Dylan DeRose (left)

Dylan DeRose (left)

Wolf day learning fun at Scout Island

Did you know that the alpha wolves (the mating mom and dad) in a pack holds their tails higher than the other wolves?

Did you know that the alpha wolves (the mating mom and dad) in a pack holds their tails higher than the other wolves?

These are some of the facts Mary Forbes explained to nearly 40 parents and children participating in the special Family Wolf Day on a recent Saturday at Scout Island Nature Centre.

The adventure is one of many provided for children, students and their families by the Williams Lake Field Naturalists who will be holding their 2015 Scout Island Nature Centre Fund Raising Banquet at St. Andrew’s United Church on April 24.

Wolves communicate in some ways that are known, such as talking using noises that dogs typically make plus howling, the way they move their ears, scent markings, playful and aggressive body postures, Forbes explained.

And they may communicate in even more subtle ways that researchers may not know much about such as using their paws or the way their fur moves.

Participants played some games outside where they learned about a wolf’s basic needs for food, water, and shelter and how humans learned the art of hunting by watching wolves who use group strategies to hunt down and capture their prey.

Inside Forbes involved the group in a version of the “Simon Says” game called “Alpha Says.”

In the game Forbes demonstrates how wolves show curiosity with their ears straight up and submissiveness with their ears laid back.

A posture with paws out and back end up indicates they want to play similar to dogs who want to play called a “Play Bow.”

Forbes notes that young wolves stay with their families for about a quarter of their lives to learn all the skills they need to succeed as adults. This is about the same relative time in human years, that children stay and learn with their families.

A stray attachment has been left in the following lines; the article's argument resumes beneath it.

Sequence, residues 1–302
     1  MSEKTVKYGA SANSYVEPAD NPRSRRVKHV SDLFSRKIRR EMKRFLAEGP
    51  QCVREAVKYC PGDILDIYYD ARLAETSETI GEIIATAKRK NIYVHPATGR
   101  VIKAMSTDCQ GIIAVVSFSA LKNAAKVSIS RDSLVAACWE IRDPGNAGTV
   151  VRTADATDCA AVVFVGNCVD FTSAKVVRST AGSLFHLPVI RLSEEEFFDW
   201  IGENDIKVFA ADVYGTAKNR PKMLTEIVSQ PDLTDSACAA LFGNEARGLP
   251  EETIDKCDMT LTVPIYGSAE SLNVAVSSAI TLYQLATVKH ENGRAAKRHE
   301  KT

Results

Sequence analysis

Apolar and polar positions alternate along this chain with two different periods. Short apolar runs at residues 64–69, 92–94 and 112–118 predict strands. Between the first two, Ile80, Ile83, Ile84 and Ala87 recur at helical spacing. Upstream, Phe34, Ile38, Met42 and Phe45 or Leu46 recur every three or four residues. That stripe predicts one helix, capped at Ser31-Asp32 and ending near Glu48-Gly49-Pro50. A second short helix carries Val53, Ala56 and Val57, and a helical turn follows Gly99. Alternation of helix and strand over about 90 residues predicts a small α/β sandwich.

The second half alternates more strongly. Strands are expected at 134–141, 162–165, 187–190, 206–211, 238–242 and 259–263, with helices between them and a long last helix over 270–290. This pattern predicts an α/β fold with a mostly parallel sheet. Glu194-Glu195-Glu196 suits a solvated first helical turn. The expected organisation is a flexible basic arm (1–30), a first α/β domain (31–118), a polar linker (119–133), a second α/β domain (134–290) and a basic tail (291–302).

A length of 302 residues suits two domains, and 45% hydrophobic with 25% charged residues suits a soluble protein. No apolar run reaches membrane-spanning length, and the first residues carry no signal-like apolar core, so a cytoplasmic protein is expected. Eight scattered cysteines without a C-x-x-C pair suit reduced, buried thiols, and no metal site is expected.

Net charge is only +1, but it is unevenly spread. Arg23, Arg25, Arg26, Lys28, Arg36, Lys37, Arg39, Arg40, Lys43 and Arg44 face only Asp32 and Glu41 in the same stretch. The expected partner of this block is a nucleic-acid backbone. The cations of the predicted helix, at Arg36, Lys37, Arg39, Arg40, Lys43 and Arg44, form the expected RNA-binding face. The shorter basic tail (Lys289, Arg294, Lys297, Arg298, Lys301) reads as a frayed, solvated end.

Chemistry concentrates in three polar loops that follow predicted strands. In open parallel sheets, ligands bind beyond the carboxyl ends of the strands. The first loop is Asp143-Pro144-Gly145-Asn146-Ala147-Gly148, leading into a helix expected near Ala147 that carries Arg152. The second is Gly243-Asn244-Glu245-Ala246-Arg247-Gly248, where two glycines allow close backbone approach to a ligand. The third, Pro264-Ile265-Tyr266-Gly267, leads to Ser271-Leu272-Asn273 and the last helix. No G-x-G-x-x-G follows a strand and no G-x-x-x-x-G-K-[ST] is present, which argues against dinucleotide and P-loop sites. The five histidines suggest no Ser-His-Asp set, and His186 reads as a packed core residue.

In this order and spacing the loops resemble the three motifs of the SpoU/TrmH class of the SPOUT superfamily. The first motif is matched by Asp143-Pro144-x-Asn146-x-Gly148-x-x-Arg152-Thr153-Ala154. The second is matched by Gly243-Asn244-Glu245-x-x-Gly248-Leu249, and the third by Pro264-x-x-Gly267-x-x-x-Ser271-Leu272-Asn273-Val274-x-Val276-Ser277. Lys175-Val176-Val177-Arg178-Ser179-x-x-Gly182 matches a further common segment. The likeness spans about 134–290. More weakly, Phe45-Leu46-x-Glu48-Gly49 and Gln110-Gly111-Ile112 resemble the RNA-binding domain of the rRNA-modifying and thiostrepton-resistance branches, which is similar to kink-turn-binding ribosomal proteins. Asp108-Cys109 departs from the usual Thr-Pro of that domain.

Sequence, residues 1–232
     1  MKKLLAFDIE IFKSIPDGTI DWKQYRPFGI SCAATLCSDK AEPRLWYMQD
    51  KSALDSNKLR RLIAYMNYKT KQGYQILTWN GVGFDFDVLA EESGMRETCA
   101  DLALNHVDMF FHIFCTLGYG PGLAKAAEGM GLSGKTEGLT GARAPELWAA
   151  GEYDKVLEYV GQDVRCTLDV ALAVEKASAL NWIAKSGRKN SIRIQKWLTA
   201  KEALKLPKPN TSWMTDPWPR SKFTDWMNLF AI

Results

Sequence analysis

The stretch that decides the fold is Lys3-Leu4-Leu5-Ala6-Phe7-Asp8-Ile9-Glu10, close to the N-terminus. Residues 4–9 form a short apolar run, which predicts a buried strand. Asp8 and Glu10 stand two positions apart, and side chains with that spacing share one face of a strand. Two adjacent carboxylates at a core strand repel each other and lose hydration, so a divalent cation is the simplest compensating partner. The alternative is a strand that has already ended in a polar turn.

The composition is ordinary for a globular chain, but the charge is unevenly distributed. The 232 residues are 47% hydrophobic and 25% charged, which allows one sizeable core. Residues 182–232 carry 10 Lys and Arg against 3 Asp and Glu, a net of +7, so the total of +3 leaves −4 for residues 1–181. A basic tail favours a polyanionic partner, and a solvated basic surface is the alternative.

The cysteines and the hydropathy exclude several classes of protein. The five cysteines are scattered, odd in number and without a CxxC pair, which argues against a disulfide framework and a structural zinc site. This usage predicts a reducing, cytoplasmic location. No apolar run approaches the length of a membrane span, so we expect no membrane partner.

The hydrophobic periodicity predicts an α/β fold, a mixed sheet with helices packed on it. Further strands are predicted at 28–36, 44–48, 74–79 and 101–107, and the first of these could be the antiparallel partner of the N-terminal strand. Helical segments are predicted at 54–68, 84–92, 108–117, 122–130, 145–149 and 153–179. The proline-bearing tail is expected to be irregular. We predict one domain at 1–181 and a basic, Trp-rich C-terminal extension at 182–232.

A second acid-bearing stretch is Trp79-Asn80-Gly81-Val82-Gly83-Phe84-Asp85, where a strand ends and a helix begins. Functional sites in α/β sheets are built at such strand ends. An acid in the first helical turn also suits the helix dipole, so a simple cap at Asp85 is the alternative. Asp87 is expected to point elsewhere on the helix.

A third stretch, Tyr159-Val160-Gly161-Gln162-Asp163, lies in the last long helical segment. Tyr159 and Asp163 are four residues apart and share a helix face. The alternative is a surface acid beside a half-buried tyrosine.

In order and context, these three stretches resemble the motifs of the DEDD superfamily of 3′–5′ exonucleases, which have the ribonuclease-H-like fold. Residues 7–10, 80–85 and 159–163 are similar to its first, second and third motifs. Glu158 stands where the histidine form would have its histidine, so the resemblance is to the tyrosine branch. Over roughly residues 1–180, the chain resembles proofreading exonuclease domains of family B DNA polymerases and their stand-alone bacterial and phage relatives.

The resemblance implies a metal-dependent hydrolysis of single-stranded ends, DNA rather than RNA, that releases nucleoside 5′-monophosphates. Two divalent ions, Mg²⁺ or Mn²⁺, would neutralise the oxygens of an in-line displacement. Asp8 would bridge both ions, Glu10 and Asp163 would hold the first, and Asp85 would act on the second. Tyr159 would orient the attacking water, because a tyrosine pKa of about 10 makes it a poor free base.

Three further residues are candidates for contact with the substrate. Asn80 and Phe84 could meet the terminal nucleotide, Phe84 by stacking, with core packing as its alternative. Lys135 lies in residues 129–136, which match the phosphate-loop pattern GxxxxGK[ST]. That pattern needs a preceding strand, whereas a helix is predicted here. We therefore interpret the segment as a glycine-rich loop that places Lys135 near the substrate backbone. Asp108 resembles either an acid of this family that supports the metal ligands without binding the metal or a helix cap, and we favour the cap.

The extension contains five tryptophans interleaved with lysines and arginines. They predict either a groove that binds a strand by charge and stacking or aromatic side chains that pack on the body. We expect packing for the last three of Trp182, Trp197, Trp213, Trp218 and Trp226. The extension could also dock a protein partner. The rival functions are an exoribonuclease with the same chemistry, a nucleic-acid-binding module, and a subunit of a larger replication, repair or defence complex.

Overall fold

Forbes showed the group a wolf pelt and explained that wolves are tall animals with narrow chests and big feet so they can move quickly and efficiently through forests and over deep snow.

She also played a game with the group where the children were challenged to match the wolf skull and other skulls lined up on a table with the appropriate pictures by comparing the shape of the heads and teeth to pictures of the animals.

Skulls to examine included that of a cougar kitten, bear, fox, beaver, and of course wolf.

She also talked a bit about wolf control, habitat and how if the alpha wolves are killed it can cause havoc in the system because the teenage wolves haven’t yet learned all the skills they need to succeed.

She explained that killing the alpha wolves will result in splintered packs, more wolves being taught by wolves who themselves didn’t get a complete education and may turn to hunting domestic stock instead of wild game to feed themselves.

She also talked about a wolf researcher named Sadie Parr from Wolf Awareness Inc www.wolfawarenessinc.org recently working in the Brittany Triangle near the Nemiah Valley, and with local ranchers, who is studying wolf scat to better understand what wolves eat at the various times of the year.


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